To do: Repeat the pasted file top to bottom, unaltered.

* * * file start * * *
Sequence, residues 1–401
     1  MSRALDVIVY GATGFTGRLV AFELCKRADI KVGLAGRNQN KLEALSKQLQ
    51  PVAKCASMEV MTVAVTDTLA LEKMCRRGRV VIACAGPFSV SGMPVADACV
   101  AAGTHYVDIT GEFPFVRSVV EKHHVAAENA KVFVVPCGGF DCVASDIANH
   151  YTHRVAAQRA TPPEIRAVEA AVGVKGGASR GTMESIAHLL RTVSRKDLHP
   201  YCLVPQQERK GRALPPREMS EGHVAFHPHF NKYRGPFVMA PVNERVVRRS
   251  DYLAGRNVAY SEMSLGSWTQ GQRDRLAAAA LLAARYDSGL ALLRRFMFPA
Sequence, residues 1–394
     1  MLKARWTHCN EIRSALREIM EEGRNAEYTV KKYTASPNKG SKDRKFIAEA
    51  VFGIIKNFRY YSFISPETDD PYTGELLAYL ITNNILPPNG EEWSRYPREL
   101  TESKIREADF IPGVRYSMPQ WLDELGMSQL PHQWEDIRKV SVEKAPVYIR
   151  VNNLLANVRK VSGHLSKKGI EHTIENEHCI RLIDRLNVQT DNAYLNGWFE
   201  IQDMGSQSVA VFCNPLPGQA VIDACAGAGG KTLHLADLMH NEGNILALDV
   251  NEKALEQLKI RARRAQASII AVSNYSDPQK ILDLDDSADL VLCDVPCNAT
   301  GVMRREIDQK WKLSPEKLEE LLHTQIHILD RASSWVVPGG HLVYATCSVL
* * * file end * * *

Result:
Sequence, residues 1–401
     1  MSRALDVIVY GATGFTGRLV AFELCKRADI KVGLAGRNQN KLEALSKQLQ
    51  PVAKCASMEV MTVAVTDTLA LEKMCRRGRV VIACAGPFSV SGMPVADACV
   101  AAGTHYVDIT GEFPFVRSVV EKHHVAAENA KVFVVPCGGF DCVASDIANH
   151  YTHRVAAQRA TPPEIRAVEA AVGVKGGASR GTMESIAHLL RTVSRKDLHP
   201  YCLVPQQERK GRALPPREMS EGHVAFHPHF NKYRGPFVMA PVNERVVRRS
   251  DYLAGRNVAY SEMSLGSWTQ GQRDRLAAAA LLAARYDSGL ALLRRFMFPA
Sequence, residues 1–394
     1  MLKARWTHCN EIRSALREIM EEGRNAEYTV KKYTASPNKG SKDRKFIAEA
    51  VFGIIKNFRY YSFISPETDD PYTGELLAYL ITNNILPPNG EEWSRYPREL
   101  TESKIREADF IPGVRYSMPQ WLDELGMSQL PHQWEDIRKV SVEKAPVYIR
   151  VNNLLANVRK VSGHLSKKGI EHTIENEHCI RLIDRLNVQT DNAYLNGWFE
   201  IQDMGSQSVA VFCNPLPGQA VIDACAGAGG KTLHLADLMH NEGNILALDV
   251  NEKALEQLKI RARRAQASII AVSNYSDPQK ILDLDDSADL VLCDVPCNAT
   301  GVMRREIDQK WKLSPEKLEE LLHTQIHILD RASSWVVPGG HLVYATCSVL